(1) The political subdivision is immune from liability if the employee involved was engaged in the performance of a judicial, quasi-judicial, prosecutorial, legislative, or quasi-legislative function.

(2) The political subdivision is immune from liability if the conduct of the employee involved that gave rise to the claim of liability: (a) was not negligent conduct and was required or authorized by law, or (b) was necessary or essential to the exercise of powers of the political subdivision or employee.

(3) The political subdivision is immune from liability if the action or failure to act by the employee involved that gave rise to the claim of liability was within the employee's discretion with respect to policy-making, planning, or enforcement powers by virtue of the duties and responsibilities of the employee's office or position.

(4) The political subdivision is immune from liability if the action or failure to act by the political subdivision or employee involved that gave rise to the claim of liability resulted in injury or death to a person who had been convicted of or pleaded guilty to a criminal offense or was found to be a delinquent child and who, at the time of the injury or death, was performing, in specified circumstances, community service work.

(5) The political subdivision is immune from liability if the injury, death, or loss to persons or property resulted from the exercise of judgment or discretion in determining whether to acquire, or how to use, equipment, supplies, materials, personnel, facilities, and other resources unless the judgment or discretion was exercised with malicious purpose, in bad faith, or in a wanton or reckless manner.

(6) In addition to any immunity or defense referred to below in paragraph (7) and in circumstances not covered by that provision or other specified provisions, the employee is immune from liability unless one of the following applies: (a) the employee's acts or omissions were manifestly outside the scope of the employee's employment or official responsibilities, (b) the employee's acts or omissions were with malicious purpose, in bad faith, or in a wanton or reckless manner, or (c) liability is expressly imposed upon the employee by a section of the Revised Code. (This provision is changed by the bill--see "Re-enactment of Am. Sub. H.B. 350 provisions," below.)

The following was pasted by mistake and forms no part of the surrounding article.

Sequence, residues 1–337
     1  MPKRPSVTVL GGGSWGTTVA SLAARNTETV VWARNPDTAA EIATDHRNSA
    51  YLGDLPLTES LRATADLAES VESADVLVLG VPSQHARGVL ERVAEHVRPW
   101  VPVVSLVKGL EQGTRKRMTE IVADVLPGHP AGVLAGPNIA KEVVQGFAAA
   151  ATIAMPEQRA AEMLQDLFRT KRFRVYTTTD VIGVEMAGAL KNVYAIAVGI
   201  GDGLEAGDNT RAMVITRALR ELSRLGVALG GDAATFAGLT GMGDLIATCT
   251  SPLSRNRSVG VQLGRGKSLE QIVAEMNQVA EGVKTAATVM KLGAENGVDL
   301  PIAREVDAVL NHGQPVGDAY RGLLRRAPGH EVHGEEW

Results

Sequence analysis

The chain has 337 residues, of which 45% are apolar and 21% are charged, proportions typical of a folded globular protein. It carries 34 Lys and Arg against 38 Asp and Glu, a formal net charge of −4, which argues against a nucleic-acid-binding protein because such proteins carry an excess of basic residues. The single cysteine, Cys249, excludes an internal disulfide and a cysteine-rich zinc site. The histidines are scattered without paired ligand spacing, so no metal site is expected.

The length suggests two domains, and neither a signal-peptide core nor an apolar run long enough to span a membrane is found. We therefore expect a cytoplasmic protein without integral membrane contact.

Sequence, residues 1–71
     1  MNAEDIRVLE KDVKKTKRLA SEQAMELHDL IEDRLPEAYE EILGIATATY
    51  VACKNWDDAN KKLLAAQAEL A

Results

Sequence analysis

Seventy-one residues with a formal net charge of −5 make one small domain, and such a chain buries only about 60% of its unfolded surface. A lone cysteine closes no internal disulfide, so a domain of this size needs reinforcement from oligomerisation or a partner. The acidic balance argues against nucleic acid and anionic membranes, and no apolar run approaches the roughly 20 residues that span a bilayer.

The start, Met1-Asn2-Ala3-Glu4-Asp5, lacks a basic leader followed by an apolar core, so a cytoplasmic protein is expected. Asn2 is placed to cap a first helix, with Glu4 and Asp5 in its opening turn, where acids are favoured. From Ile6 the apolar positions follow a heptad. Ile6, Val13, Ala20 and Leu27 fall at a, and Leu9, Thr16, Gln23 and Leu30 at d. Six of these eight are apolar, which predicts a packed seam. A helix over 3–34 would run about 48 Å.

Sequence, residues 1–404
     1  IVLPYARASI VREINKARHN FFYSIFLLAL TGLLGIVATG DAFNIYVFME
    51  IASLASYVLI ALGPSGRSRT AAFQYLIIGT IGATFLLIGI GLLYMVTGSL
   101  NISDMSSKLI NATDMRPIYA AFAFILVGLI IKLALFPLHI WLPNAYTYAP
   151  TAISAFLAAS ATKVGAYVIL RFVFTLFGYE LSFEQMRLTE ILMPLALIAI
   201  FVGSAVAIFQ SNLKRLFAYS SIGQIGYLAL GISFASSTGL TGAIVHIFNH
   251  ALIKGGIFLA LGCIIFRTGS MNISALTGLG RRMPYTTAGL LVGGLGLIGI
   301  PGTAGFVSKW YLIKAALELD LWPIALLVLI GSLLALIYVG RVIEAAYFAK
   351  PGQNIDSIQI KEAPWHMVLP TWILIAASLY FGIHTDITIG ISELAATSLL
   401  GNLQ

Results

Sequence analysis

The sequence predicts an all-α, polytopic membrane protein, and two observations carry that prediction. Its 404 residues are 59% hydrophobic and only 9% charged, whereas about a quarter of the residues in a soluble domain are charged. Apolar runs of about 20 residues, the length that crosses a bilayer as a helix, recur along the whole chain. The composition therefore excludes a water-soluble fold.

(7) The political subdivision, and a county prosecuting attorney, city director of law, village solicitor, or similar chief legal officer of a political subdivision, an assistant of any such person, or a judge of an Ohio court is entitled to any defense or immunity available at common law or established by the Revised Code.

The immunities and defenses of an employee referred to in paragraphs (6) and (7), above, do not affect or limit any liability of a political subdivision for an act or omission of the employee as provided in R.C. 2744.02, as described above.

Re-enactment of Am. Sub. H.B. 350 provisions

The provisions explained in this portion of the analysis, re-enacted by the bill, were enacted by Am. Sub. H.B. 350 of the 121st General Assembly but were held to be unconstitutional by the Ohio Supreme Court in State ex rel. Ohio academy of Trial Lawyers v. Sheward (1999), 86 Ohio St.3d 451, for violating the one-subject provision of the Ohio Constitution. These provisions relate to political subdivision sovereign immunity and are amended (re-enacted) by the bill as follows:

Amends the provision of existing law that provides that political subdivisions are generally liable for injury, death, or loss to persons or property that is caused by the negligence of their employees and that occurs within or on the grounds of buildings that are used in connection with the performance of a governmental function to also require that the injury, death, or loss be due to physical defects within or on the grounds of buildings that are used in connection with a governmental function (R.C. 2744.02(B)(4)).
Amends the provision of law that provides that a political subdivision is liable for injury, death, or loss to person or property when liability is expressly imposed upon the political subdivision by a section of the Revised Code to provide that liability shall not be construed to exist because the term "shall" is used in a provision of the Revised Code pertaining to a political subdivision or a section of the Revised Code imposes a mandatory duty upon a political subdivision (R.C. 2744.02(B)(5)).